Mark Rylance is a renowned anti-Stratfordian. Rylance is brilliant in so many ways that his stance on Shakespeare is highly disappointing:

Rylance, who wears two hats, actor and director, with Elizabethan ease, is a celebrated refusenik. He believes that the person he insists on calling “the Stratford man” was little more than a front for a powerful literary cabal that almost certainly included Bacon. “There is a genius at work in here somewhere”, he says when we meet, “but it’s not William Shakespeare. A lot of other people were gathered around those plays.” Rylance finds a compelling logic in the Shakespeare conspiracy theories: “The nature of authorship was different then,” he argues.

Rylance is a fascinating case. On closer examination, his belief in the Bacon theory is an assertion of the value of theatrical collaboration, against the tyranny of a single artistic source. Rylance, who has the ideas and demeanour of a countercultural guru from the 70s, finds “the idea of the single genius at work here very damaging to the confidence of younger playwrights”.

Rylance says he wants “the Stratford man” to be admired as a theatrical wrangler, a kind of super producer. He is publicly supported by Sir Derek Jacobi, and even Vanessa Redgrave who, in her recent Bafta speech hinted at a sympathy with the “anti-Stratfordian” position. (From The Guardian)

Derek Jacobi appeared in the prologue to Anonymous, a 2011 movie that tried to sell the De Vere story as ‘The Truth’.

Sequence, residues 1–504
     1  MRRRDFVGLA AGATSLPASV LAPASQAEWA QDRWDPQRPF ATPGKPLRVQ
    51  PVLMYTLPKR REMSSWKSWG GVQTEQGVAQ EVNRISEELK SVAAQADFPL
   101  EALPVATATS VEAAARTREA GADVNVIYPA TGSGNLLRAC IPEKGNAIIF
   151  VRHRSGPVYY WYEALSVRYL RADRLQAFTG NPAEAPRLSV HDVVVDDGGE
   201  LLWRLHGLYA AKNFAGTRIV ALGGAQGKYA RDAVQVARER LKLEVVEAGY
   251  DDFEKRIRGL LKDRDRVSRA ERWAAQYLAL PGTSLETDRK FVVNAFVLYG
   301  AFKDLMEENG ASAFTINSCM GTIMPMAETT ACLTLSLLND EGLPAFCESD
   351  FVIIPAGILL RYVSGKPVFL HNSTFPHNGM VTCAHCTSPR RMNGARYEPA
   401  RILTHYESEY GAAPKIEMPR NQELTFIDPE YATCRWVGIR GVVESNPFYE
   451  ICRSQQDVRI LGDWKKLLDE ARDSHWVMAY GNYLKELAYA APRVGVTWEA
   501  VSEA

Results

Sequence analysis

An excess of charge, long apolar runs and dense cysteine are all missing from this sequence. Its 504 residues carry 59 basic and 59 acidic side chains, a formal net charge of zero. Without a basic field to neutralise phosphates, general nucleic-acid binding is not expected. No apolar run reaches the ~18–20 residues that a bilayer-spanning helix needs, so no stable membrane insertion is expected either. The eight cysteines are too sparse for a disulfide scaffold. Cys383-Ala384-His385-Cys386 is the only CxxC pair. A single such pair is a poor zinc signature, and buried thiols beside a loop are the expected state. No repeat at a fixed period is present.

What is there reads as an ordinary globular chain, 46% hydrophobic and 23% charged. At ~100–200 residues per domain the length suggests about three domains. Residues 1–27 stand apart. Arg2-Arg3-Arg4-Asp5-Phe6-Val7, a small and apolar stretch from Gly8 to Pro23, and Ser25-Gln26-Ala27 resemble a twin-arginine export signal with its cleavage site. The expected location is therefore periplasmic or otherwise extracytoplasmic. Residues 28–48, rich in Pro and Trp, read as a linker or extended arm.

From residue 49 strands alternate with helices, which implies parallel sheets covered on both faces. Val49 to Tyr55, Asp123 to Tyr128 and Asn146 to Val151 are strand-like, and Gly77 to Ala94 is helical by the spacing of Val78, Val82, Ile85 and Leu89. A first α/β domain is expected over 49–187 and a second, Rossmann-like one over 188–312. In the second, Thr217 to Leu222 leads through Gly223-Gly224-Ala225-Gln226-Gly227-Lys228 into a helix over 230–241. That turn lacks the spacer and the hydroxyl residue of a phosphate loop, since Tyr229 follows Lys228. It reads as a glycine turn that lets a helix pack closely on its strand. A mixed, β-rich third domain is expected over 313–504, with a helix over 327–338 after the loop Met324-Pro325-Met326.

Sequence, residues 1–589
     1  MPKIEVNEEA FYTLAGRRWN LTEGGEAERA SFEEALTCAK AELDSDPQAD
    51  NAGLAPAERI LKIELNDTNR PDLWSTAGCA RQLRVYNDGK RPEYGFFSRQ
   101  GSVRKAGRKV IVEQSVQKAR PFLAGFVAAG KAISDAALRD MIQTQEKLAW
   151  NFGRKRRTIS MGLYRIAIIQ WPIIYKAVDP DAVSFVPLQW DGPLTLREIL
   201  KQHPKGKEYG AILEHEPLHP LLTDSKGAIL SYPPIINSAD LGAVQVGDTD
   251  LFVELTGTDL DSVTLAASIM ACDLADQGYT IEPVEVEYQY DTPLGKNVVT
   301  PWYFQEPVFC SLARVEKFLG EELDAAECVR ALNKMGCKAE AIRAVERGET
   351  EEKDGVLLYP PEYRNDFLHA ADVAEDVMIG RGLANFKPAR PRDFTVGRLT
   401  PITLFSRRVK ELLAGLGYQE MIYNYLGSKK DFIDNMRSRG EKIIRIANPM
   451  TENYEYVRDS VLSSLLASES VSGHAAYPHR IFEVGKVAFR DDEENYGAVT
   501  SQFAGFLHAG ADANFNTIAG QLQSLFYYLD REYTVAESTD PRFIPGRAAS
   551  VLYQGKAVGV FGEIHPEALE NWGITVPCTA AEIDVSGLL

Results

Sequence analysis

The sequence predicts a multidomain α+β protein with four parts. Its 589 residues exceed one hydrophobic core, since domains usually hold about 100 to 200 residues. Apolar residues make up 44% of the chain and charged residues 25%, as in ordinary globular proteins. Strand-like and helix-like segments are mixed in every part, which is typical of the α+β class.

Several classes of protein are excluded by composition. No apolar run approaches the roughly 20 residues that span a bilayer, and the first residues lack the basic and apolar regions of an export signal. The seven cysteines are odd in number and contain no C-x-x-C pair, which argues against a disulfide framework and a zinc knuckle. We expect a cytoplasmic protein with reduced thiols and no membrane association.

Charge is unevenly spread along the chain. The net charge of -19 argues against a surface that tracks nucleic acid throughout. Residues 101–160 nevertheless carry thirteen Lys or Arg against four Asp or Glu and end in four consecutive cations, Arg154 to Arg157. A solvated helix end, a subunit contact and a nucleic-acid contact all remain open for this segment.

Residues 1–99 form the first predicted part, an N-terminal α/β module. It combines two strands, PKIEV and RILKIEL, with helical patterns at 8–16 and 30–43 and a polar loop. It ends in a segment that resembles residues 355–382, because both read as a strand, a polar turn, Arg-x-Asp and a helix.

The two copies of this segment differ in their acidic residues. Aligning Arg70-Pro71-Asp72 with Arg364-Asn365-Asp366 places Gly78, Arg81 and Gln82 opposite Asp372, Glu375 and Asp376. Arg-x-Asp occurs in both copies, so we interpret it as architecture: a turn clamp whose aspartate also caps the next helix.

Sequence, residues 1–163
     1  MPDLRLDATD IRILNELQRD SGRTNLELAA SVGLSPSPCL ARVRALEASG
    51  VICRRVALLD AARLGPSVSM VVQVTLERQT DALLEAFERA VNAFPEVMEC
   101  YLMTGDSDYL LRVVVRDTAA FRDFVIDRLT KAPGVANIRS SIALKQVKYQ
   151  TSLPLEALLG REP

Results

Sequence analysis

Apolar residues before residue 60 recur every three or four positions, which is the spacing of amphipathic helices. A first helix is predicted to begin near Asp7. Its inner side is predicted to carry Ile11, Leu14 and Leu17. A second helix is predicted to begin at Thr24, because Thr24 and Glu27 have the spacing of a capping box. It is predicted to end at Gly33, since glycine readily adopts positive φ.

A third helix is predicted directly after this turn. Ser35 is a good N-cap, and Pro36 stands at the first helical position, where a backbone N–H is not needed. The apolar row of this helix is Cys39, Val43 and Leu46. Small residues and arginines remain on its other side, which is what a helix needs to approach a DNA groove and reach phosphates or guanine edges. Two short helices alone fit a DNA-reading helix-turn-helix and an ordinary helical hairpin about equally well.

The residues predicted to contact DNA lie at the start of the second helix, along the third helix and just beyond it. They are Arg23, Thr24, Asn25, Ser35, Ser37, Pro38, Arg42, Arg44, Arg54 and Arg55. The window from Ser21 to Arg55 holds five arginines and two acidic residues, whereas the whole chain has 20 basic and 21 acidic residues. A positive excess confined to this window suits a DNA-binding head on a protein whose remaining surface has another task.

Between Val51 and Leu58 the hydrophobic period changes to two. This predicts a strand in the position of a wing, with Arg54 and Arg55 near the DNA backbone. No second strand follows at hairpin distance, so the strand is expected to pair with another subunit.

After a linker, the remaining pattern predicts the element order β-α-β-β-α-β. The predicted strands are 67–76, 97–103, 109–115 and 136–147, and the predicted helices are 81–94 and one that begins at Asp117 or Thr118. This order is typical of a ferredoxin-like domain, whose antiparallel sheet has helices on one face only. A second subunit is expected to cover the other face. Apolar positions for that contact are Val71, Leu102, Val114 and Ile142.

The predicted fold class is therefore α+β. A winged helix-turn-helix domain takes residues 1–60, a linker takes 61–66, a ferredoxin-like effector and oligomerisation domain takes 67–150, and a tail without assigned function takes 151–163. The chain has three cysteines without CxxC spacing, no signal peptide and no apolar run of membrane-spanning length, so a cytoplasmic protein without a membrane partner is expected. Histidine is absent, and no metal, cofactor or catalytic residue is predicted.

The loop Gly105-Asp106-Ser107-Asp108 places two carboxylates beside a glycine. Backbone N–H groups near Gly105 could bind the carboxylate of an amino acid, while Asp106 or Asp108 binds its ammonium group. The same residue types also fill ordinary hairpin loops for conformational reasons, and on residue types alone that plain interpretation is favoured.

(This is not a good movie, but I guess a Stratfordian would say that, huh?)

Where did all of this come from? Well, there isn’t much information on Shakespeare, because he was a fairly normal person who didn’t leave much in the way of a trail of documents. That’s pretty much it. But for anti-Stratfordians, that means much more: it means a conspiracy.

Most conspiracy theories are based on mistrust of a ‘system’ that wields political or ideological power, and posit an alternate version of a familiar story, one replete with Machiavellian plots and complex intrigues which were designed to manipulate the masses. They can be fun to read; they show more about the mood of the people and their faith in institutions than they do about the actual content of the theories themselves. The delight that many take in reading about conspiracy theories is that the ridiculous stories seem both plausible and preferable to those who believe and espouse them. These theories are meant to show the believer as cynical, more insightful, more perceptive than the ‘sheeple’ who accept the ‘official’ narrative, but they usually show the opposite, which can be entertaining. It’s fun to roll your eyes at the tin-foil hat brigade, right?